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Paid In Blood Telugu Full Movie Download

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Paid In Blood Telugu Full Movie Download: http://urllio.com/r1u9o

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a5c7b9f00b
If it were possible to cross a typical spaghetti western with an independent American production of the same period made for the southern drive-in market, most likely you would get a movie like "Paid In Blood". As much as I love spaghetti westerns AND drive-in movies, I have to admit that this particular low (REALLY low) budget western has a bunch of shortcomings. It's unbelievably cheap, from the cinematography that looks like it was shot by an 8 mm camera to the minimum set decoration. (I can only imagine how worse it would look had the filmmakers not had access to sets built for other spaghetti westerns!) The scripting is often simple-minded, the acting often broad, the editing is crude, the dubbing is clumsy, and... must I go on? Sounds like a really bad movie, eh? Well, it is, but at the same time I was somewhat fascinated by what I was seeing. Seeing the filmmakers making their own spaghetti western with limited funds and resources is interesting. As bad as the movie gets, you'll keep watching to see how they got a finished product from start to finish. Don't get me wrong, this movie is definitely not for casual fans of westerns, but spaghetti western fans may find this of interest to see that not all spaghetti westerns were made with ample budgets and style. Although I definitely don't want to watch this western again, in a way I'm glad I did see it once.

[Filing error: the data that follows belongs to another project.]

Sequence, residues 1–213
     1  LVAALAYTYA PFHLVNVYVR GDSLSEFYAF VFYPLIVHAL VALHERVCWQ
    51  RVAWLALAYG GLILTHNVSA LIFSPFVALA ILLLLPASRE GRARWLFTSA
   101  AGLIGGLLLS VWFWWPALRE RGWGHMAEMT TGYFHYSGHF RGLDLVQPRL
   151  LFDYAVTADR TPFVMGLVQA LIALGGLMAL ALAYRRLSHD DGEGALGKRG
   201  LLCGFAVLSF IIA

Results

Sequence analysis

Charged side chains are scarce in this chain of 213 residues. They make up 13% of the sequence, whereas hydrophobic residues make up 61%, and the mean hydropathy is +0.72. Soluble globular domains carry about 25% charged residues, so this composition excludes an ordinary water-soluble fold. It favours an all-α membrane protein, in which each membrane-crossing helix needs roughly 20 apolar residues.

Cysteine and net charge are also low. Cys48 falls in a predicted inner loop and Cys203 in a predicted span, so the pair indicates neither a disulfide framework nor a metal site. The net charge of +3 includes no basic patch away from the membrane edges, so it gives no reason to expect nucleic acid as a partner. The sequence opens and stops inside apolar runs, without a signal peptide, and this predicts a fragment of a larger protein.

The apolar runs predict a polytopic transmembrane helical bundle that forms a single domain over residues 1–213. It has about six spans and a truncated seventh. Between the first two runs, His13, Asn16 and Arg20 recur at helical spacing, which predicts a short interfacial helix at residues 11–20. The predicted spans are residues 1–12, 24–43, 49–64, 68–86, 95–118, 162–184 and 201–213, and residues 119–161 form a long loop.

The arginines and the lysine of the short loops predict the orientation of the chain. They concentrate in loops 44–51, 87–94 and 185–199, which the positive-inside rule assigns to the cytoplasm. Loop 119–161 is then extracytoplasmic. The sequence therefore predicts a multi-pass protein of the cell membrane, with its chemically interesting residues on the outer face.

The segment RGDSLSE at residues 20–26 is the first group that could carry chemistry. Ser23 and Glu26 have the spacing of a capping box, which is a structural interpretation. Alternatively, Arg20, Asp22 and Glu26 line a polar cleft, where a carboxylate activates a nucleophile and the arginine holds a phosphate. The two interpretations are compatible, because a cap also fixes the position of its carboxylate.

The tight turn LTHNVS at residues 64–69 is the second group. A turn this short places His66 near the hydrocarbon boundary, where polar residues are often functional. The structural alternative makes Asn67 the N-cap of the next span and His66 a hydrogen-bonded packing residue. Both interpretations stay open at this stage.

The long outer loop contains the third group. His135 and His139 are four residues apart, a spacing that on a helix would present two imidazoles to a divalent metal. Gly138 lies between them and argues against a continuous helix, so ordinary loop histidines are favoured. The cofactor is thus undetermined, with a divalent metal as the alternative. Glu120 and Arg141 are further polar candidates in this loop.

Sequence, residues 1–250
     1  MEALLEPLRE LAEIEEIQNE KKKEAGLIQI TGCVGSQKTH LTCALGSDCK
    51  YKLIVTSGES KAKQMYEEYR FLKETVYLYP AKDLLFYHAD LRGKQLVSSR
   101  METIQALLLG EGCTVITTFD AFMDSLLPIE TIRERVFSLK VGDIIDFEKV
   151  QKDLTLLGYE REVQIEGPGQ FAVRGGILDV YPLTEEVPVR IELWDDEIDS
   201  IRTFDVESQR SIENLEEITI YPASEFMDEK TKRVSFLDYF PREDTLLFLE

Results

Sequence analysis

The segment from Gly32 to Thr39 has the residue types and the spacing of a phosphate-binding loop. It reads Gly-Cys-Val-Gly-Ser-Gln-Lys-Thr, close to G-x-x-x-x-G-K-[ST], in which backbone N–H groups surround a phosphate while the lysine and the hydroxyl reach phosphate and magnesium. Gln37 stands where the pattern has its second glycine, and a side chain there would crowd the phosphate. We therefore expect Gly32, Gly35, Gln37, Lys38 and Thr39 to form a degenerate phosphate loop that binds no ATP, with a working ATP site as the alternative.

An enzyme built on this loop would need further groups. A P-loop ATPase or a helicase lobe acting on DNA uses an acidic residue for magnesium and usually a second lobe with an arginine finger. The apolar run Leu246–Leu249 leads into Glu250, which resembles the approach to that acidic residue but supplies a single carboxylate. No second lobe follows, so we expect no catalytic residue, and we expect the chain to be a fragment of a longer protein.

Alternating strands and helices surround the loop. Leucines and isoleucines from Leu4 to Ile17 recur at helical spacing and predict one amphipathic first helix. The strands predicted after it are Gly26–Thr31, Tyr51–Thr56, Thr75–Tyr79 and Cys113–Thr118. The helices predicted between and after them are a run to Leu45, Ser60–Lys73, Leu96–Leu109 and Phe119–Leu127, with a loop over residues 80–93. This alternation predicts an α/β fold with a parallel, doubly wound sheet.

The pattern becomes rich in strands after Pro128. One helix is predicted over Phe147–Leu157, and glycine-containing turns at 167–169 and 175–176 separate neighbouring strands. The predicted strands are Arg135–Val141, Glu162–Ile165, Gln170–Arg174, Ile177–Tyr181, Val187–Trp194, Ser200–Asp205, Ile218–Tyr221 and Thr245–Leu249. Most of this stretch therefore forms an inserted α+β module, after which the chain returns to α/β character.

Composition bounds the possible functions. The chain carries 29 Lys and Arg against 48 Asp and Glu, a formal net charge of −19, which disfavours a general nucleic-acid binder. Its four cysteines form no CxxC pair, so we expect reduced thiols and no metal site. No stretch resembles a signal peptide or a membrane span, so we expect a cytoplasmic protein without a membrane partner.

PAID IN BLOOD is another one of those Italian made Westerns churned out between 1970 and 1972 by Continental and Flora Films on the super-cheap, ply-board and tack hammer made sets made by genre star Gordon Mitchell near an old sand lot with his own money &amp; time. In the roughly 3 years in which the sets were used, I&#39;d say about thirty films were shot in and about the ramshackle buildings and back lots, which when filmed from one angle became a homesteader&#39;s ranch or from another, a saloon on main street. This one was directed by Luigi Batzella, others by Miles Deem, Joe D&#39;amato, Frank Kramer, a few others who&#39;s names escape me, but they all have a similar look, similar casts, similar stories, and similar music.<br/><br/>The all have a similar feel too, which is decidedly flimsy or slap-shod when compared to the arty grandeur of a Leone or Corbucci. Most were filmed on budgets that couldn&#39;t have been more than $20,000 or $30,000, with friends and friends of friends pitching in with some crew work here, a bit role there. From nothing, they created these films. Often brand names like Sartana, Django and Hallelujah were used in conjunction with the productions (as English versions, at least) and had zero to do with the movies which invented those characters. They were cashing in, but to the converted that is half of the appeal.<br/><br/>I love how damn cheap looking the films are, with the actors wearing Levis jeans and their own designer boots, the gun belts and firearms studio props borrowed for a weekend rather than personal items of specific characters. The people in the films exist as shorthand sketches: This one is a gunfighter, this one his brother who was murdered, this one a saloon girl, and that one the Marshall. The Italian actors who play them are for the most part anonymous to most contemporary viewers, but that too sort of heightens the cult appeal. PAID IN BLOOD has a rather distinguished group of ladies in it&#39;s cast (Batzella regular Esmeralda Barros and cult favorite K

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